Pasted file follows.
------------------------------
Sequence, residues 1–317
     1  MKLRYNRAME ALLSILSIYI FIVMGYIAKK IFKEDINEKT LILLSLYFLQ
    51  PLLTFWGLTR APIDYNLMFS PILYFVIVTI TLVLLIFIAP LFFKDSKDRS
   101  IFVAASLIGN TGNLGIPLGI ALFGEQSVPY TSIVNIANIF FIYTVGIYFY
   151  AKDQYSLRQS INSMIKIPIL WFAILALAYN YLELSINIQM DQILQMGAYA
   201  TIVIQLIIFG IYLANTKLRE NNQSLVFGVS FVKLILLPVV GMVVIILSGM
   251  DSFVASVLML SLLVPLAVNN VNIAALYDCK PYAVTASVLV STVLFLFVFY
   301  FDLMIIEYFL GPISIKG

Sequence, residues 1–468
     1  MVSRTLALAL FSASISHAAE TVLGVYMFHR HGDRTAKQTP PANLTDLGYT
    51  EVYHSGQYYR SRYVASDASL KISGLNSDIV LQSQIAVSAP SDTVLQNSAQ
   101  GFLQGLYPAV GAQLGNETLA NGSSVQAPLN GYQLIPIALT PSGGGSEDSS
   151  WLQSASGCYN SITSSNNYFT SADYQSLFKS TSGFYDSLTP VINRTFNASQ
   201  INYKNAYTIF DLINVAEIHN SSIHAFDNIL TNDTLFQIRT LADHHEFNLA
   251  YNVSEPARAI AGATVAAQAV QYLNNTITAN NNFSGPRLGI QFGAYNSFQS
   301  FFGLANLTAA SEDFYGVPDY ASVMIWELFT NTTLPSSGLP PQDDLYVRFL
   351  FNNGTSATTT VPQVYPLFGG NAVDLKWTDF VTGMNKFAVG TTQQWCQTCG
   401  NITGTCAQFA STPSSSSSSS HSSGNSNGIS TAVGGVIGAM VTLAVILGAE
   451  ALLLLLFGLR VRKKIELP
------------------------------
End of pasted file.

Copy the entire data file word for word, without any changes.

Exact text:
Sequence, residues 1–317
     1  MKLRYNRAME ALLSILSIYI FIVMGYIAKK IFKEDINEKT LILLSLYFLQ
    51  PLLTFWGLTR APIDYNLMFS PILYFVIVTI TLVLLIFIAP LFFKDSKDRS
   101  IFVAASLIGN TGNLGIPLGI ALFGEQSVPY TSIVNIANIF FIYTVGIYFY
   151  AKDQYSLRQS INSMIKIPIL WFAILALAYN YLELSINIQM DQILQMGAYA
   201  TIVIQLIIFG IYLANTKLRE NNQSLVFGVS FVKLILLPVV GMVVIILSGM
   251  DSFVASVLML SLLVPLAVNN VNIAALYDCK PYAVTASVLV STVLFLFVFY
   301  FDLMIIEYFL GPISIKG

Sequence, residues 1–468
     1  MVSRTLALAL FSASISHAAE TVLGVYMFHR HGDRTAKQTP PANLTDLGYT
    51  EVYHSGQYYR SRYVASDASL KISGLNSDIV LQSQIAVSAP SDTVLQNSAQ
   101  GFLQGLYPAV GAQLGNETLA NGSSVQAPLN GYQLIPIALT PSGGGSEDSS
   151  WLQSASGCYN SITSSNNYFT SADYQSLFKS TSGFYDSLTP VINRTFNASQ
   201  INYKNAYTIF DLINVAEIHN SSIHAFDNIL TNDTLFQIRT LADHHEFNLA
   251  YNVSEPARAI AGATVAAQAV QYLNNTITAN NNFSGPRLGI QFGAYNSFQS
   301  FFGLANLTAA SEDFYGVPDY ASVMIWELFT NTTLPSSGLP PQDDLYVRFL
   351  FNNGTSATTT VPQVYPLFGG NAVDLKWTDF VTGMNKFAVG TTQQWCQTCG
   401  NITGTCAQFA STPSSSSSSS HSSGNSNGIS TAVGGVIGAM VTLAVILGAE
   451  ALLLLLFGLR VRKKIELP